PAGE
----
How to Understand Arabs

Muslims are found in hundreds of different ethnic groups around the world. Possibly three-quarters of the world’s Muslims are not from an Arabic background; however, Mohammed’s Arab lifestyle and cultural background have profoundly influenced Islam. Knowing that Islam has such deep roots in Arabia, Christians need to understand that God really loves Arabs.

Ishmael

Arabic biblical heritage is often forgotten by or unknown to many Christians. We may be aware that Ishmael became an Arab prince and the founder of several Arab tribes, but often our knowledge of Arab biblical heritage ends there. The fact is, Ishmael’s name is a revelation concerning God’s person and character, meaning “God hears”. God clearly heard the distress of Hagar when she called out for help in the desert (Gen 16:1-16). He responded by sending His angel to Hagar with a significant message. Also, Ishmael’s name has a divine origin: it was God who designated it, giving the name to the boy as an everlasting testimony to the fact that God pays attention to the weak, the afflicted and those who are unjustly treated.

God made promises to Abraham concerning Ishmael that he would bless him exceedingly (Gen 17:18-27). God’s covenant to bless all the nations did not come through Ishmael but rather through Isaac. However, God did not forget Ishmael. Ishmael’s descendants are participants in God’s promise to bless all the nations (all ethnic groups around the world) through the seed of Abraham (Gen 12:1-3; 18:18; 22:18; 24:4; 28:14). This promised blessing was eventually fulfilled in Jesus.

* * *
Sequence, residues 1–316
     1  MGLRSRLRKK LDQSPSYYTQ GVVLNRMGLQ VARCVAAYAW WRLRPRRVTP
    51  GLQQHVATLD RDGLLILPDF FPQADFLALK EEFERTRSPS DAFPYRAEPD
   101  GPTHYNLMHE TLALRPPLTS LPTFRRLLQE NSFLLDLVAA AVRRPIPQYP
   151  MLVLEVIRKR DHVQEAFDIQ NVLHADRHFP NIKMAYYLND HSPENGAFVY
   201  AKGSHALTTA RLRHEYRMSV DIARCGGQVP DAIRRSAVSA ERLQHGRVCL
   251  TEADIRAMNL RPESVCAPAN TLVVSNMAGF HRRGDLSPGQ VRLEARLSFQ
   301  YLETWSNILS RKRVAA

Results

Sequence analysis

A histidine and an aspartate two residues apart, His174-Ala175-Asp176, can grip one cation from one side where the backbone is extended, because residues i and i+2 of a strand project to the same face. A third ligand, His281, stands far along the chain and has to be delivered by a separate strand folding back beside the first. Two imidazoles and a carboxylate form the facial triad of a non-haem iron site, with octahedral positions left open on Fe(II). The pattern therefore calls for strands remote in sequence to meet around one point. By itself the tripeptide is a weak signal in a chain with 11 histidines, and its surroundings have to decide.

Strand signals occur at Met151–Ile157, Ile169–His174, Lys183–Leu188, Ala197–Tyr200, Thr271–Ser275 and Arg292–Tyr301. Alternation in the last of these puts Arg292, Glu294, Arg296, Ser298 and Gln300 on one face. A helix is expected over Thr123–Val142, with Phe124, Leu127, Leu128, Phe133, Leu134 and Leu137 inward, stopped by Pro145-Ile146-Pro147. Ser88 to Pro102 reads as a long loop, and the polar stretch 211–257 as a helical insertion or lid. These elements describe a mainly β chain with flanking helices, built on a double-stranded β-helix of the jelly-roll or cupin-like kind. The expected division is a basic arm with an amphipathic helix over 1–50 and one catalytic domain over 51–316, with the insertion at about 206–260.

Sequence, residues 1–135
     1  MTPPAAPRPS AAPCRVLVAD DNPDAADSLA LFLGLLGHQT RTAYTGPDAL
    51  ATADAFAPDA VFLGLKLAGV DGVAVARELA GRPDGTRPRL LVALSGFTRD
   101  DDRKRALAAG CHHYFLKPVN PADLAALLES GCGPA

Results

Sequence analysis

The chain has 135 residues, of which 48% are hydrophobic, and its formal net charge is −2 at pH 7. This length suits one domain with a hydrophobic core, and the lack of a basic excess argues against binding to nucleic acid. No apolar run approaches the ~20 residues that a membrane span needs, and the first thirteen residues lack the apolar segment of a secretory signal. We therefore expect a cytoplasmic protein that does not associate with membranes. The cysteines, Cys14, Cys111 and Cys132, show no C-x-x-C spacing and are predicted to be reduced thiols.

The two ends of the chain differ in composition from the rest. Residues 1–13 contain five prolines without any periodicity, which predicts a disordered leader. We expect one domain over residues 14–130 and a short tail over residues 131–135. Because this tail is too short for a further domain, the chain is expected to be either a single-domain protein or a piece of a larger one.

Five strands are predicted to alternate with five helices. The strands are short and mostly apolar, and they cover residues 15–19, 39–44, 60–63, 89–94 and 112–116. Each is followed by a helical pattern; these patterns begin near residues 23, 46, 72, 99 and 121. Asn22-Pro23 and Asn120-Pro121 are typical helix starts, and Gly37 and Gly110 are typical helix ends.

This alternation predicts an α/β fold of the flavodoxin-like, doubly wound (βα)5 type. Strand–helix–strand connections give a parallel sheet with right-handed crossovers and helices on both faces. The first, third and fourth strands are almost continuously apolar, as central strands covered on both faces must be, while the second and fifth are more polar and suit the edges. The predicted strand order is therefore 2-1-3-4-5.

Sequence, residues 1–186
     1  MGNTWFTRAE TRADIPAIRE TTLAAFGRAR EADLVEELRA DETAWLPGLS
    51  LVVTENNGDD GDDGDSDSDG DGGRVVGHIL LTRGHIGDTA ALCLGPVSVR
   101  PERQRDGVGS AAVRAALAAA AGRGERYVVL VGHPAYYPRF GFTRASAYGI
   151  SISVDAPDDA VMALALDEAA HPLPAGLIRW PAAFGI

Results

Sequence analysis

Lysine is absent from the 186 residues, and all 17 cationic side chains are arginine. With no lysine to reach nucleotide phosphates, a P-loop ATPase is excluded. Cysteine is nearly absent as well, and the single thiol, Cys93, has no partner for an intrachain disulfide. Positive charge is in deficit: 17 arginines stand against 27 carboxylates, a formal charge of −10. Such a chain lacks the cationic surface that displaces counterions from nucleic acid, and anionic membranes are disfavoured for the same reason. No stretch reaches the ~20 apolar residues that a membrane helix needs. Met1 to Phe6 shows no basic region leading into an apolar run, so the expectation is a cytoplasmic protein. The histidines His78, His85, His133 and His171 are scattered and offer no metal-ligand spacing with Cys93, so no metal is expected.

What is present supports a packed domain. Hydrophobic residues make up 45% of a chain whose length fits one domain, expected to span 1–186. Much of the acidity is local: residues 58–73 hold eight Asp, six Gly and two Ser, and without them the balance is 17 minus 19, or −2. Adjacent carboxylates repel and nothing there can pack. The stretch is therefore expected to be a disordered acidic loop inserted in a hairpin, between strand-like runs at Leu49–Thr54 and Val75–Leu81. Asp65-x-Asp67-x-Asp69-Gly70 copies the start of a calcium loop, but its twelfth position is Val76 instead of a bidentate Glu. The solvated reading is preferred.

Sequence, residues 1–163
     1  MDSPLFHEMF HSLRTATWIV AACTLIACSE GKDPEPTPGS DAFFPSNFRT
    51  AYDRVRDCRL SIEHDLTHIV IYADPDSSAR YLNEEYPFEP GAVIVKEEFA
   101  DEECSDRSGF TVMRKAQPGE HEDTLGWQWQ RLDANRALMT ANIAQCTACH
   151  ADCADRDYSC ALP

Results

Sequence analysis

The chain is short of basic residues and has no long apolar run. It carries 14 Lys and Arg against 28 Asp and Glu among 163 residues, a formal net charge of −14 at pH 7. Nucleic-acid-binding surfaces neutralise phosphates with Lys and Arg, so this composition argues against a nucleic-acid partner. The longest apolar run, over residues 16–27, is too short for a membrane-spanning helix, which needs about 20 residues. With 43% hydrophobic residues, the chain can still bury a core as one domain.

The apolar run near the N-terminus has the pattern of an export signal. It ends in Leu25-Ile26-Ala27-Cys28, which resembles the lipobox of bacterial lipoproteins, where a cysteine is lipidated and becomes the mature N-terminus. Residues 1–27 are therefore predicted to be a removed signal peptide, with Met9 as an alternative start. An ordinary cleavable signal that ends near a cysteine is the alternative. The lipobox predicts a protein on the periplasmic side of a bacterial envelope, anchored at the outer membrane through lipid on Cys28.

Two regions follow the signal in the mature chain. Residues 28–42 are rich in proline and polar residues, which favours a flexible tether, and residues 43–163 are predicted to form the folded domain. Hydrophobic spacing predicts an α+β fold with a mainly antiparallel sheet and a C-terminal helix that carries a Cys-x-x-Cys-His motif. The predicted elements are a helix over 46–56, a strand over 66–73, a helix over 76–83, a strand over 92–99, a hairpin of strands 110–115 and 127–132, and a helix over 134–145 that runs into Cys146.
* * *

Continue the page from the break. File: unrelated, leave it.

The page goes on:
The Bible is a major source of information concerning Arabic genealogies. Arabs are Semites (descendants of Shem) just as much as Jews (Gen 10.21-32). There are at least three types of Middle-Eastern Arabs: the Joktanites, the Ishmaelites and the Keturahites.

The descendants of Joktan

Many Arabs see themselves as descendants of Joktan (Arabs call him Kahtan). One of the famous tribes descending from Joktan was Sheba, whose descendants founded the kingdom of the Sabeans in Yemen – and included the renowned Queen of Sheba (called Bilquis by the Arabs). Her visit to Jerusalem during King Solomon’s reign is an example of how God’s people had an influence on Arabia even in Old Testament times. Solomon writes one of the so-called Messianic Psalms (Ps 72) partly with Sheba in mind (see verses 10 and 15). Jesus speaks positively about the Queen of Sheba (Matt 12:42). Apparently, at least some of the Semitic tribes worshipped the God of Shem even if they did not know Him fully.

The descendants of Ishmael

The descendants of Ishmael seem to have settled predominantly in northern Arabia. Nabajoth (Nebaioth), one of Ishmael’s 12 sons, fathered the tribe which eventually became the head of the Nabatean kingdom, with its famous capital, Petra (in present-day Jordan). Muslims believe that Mohammed was descended from Nabajoth. (www.nabataea.net/12tribes.html has excellent information about the other sons of Ishmael).

The descendants of Abraham through Keturah

After Sarah’s death Abraham took another wife (or concubine) named Keturah (Gen 25:1-3). Abraham had six other sons through Keturah after the birth of Isaac (Zimran, Jokshan, Medan, Midian, Ishbak and Shuah). The text does not suggest that Abraham despised his other sons. If we learn anything about Abraham we should know that he loved his sons and greatly desired good things for them. Abraham’s fatherly love for his son Ishmael is clearly expressed in Genesis 17:18. Abraham gave gifts to Keturah’s sons and sent them to live in the East, just as he had done with Ishmael.